Handplane Adventure

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    Steve Follis

    About two years ago I bought a new Stanley Bailey #4 at Lowe’s on clearance.  I played with it a bit but it never worked like I wanted it to, so it started collecting dust.

    I have been woodworking for over 40 years but never used hand planes very much.  I am currently making a table top for a neighbor, from 2 x 6 rough Cypress, finished size is 30″ x 60″.  I am milled the boards down to 1-5/8 x 5″, gluing two pieces together, so that I have 3 glued up sections 10″ wide.  Then I take each of those sections and run them through my 13″ planer again to take it down to 1-1/2 thick.  I planned this out ahead of time, knowing that I was going to have to deal with the 30″ wide piece and either hand plane it or sand it to the final finish.

    I have enjoyed watching and learning from the masters, and as time goes by it just builds my interest and desire to do more woodworking with hand tools.  Taking advice collectively from Christopher Schwartz, Frank Klausz, Jim Kingshott, Paul Sellers, and others; I set out to get that Sanley Bailey #4 tuned up and ready to work.

    A local Granite company sold me a scrap piece, actually it was the cut-out for a kitchen sink, for $20.  It was perfect for a base for sharpening, and I went to work.  It was a really nice Sunday, the weather was very pleasant, and I spent about 4 hours flattening, polishing, grinding, and sharpening the plane.  I took my time and went step by step making sure I was doing it right, as the masters had demonstrated.  When I had gotten it all done I tried it out, and it still didn’t work like I wanted it too, so I put it aside.

    I had the three sections of the table top ready to run through the planer, and then do the final glue-up.  I work at a steel mill and it is really noisy; and the thing that I hate the most about my planer is the noise.  I wear earplugs all day at work and I hate it, I don’t enjoy wearing them at home either.  I am not willing to give up my hearing, so I wear the earplugs when necessary.  You can’t be too safe around power tools, they bite you the instant you turn your back on them.  I recently got a pretty good manicure on my left thumb with a table saw, it kinda takes the joy out of the woodworking.

    So, I put in my earplugs, took note of where my fingers were and planed down the three 10″ pieces.  They still needed a bit of touchup and squaring for the final glue-up, and I didn’t have a safe way of doing that, so I went back to the Hand Plane.  I looked it over and tried it again and I realized I had the mouth opening a bit tight.  I adjusted the frog, put the blade back in and went to work.  Wow! was I impressed!!  That baby sang!!  I was making those whispy shaving and you could hear that blade sing as it was cutting.  I cleaned up the surfaces surprisingly fast and then went to work on the edges.  I was amazed at how much control I had and how easy it was jointing the edges.  I even had a very slight amount of camber in the edges and was able to joint the mating pieces so they fit perfectly.  I found it very enjoyable and relaxing, and best of all, No Earplugs!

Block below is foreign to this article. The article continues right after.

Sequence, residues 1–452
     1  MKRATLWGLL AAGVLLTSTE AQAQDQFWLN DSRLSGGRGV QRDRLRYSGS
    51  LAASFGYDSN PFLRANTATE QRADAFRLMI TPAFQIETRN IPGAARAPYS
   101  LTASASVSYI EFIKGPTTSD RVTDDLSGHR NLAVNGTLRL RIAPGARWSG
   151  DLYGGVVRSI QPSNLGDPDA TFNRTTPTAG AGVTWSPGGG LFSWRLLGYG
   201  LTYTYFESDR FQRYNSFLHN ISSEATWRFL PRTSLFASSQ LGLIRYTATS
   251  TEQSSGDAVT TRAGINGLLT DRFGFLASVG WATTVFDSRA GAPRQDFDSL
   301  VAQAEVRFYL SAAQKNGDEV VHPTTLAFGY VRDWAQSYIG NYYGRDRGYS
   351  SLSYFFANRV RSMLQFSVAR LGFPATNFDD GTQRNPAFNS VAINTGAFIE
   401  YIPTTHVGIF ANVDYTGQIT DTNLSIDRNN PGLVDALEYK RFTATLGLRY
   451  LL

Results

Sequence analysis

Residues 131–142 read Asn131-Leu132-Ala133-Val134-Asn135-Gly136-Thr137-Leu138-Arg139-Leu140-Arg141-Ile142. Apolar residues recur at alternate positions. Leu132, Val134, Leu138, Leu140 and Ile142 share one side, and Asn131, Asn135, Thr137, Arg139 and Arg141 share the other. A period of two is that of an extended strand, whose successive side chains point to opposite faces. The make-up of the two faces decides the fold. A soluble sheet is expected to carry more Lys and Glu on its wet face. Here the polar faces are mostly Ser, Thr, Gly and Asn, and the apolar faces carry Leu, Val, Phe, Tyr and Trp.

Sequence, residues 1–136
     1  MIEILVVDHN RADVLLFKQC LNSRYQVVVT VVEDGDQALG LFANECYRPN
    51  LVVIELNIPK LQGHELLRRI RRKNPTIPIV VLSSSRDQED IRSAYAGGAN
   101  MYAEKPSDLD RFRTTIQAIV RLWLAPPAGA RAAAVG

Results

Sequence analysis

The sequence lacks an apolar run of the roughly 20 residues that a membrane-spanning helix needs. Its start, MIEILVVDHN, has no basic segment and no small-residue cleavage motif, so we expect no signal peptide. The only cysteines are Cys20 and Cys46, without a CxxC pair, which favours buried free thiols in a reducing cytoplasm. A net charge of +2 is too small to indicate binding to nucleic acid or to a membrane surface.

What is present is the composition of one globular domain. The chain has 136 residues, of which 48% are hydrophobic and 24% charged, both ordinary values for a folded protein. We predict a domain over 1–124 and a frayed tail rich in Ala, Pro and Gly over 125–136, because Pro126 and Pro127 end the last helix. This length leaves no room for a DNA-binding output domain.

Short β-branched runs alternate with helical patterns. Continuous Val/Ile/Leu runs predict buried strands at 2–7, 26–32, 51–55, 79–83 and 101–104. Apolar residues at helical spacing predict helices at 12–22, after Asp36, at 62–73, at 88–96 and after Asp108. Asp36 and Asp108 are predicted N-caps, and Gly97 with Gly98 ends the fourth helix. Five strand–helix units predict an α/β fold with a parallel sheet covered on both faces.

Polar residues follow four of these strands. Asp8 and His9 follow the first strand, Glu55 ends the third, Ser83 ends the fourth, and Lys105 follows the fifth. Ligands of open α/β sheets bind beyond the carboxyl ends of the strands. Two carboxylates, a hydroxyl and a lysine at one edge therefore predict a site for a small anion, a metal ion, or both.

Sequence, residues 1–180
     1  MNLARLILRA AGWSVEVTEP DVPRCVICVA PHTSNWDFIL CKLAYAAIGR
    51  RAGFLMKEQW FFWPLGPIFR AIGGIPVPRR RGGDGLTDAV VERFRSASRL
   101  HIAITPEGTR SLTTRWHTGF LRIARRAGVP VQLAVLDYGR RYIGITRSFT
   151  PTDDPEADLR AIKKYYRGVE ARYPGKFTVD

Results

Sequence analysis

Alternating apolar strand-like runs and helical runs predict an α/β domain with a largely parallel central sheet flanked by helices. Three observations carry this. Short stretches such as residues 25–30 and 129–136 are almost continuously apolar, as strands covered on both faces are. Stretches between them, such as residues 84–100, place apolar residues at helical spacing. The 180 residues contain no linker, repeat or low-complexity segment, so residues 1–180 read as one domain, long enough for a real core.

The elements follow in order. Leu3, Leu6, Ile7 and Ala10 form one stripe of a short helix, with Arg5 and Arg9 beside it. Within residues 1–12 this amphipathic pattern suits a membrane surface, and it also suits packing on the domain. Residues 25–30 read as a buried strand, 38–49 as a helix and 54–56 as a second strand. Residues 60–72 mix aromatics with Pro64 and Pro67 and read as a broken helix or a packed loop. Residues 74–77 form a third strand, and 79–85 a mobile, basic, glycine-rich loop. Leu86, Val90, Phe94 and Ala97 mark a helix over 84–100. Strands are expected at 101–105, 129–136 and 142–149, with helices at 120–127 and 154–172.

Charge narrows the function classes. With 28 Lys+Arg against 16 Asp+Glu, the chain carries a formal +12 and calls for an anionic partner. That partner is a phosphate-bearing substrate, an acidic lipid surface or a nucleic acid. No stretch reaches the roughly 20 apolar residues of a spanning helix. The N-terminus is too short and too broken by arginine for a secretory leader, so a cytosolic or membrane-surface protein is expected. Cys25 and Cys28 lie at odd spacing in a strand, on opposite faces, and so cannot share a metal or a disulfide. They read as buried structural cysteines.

The final glue-up is done, and now I am looking forward to the final trim and clean up and moving on to the next project.

    All this leads up to a question.  I have been really wanting a Lie-Nielsen, or Veritas plane, but have been hesitant to spend the money up to this point.  If I were to apply the same tune-up and sharpening techniques to the high dollar plane, how much better would it work than the Stanley Bailey I am currently using?

    Many Thanks! and Happy New Year!

    Memphis, Tennessee


    Hey Stephen. First of all, that’s a cool project you’ve got going. Cypress is good stuff.  I’ve never worked it but sure do like it and am guessing you’re here in the southern U.S.? Or has cypress gotten popular everywhere?

    Thats totally awesome you brought that #4 back to life. There’s nothing worse than buying a tool that doesn’t work. And nothing better than giving it a new life. That’s your baby now my friend. Don’t ever sell it.

    I’ve bot all my old Baileys either on eBay or from my father. I’ve got a 4, 4-1/2, 5, 6 and 7 now. Just collecting the longer ones. I gave my dad a Lie-Neilsen 4-1/2 for Christmas. We went out to his shop to try it out. It’s really nice, super high quality, but the results aren’t $300 nicer than any of my old Baileys. It went thru mesquite like butter don’t get me wrong. They make a really great product no doubt, but…..maybe it’s for guys who don’t want to mess around tuning one up. The reason I got it for him is that I knew he would appreciate the quality, and hand it down to his grandson. He loved it, nearly cried, and told me he was going to hand it down to my nephew. Mission accomplished.

    Paul Sellers

    I agree with Jeff. Higher end planes are well engineered but performance wise I haven’t found them to be capable of better work than the Stanleys. Most older Stanleys can be fettled to perfection in about an hour max and thin irons DO NOT CHATTER unless set wrong and even then they don’t so much chatter as scud, which high end planes do with equal alacrity. You can likely buy all of the plane you will ever need for the price of buying one high end smoothing plane. That said, I do like the heavier planes in the longer planes and the bevel up planes and so i am grateful for these. That’s where I would go. Buy the Stanley smoothers and jacks and then shoot for say a Veritas bevel up jack or their super lightweight small bevel-up smoothing plane. These bevel up planes are really worth having but do not think they are better than the Stanley 4 or 4 1/2. The will not sub’ for these no matter the maker.


    Hi Stephen your story sounds a lot like mine, starting with power tools 40 years ago or so, went through the “Norm” craze who I still admire very much.  But my interest is in hand tools now and only use my Band Saw and Drill Press when needed.

    Having said this I had a miserable time when I first started to use hand tools, planes, saws etc. I bought a few books, toured the internet and then the light finally turned on.  Most of my hand tools are vintage and I would not get rid of them for anything, I enjoy fettling and learning what makes these tools tick.  I have used the higher end tools and personally I can’t justify spending over $300 plus for a plane I paid maybe $30 – $50 for.  I will admit I have bought a couple Keen Kutter K series that have been professionally ground true and flat by a fellow here in the States that goes by “Tablesaw Tom”, he is a retired machinist and knows his stuff.  The K serious is very similar to the older round side Stanley Bedrock. Most of my planes are the older Stanley’s and I have a couple Sargent’s as well.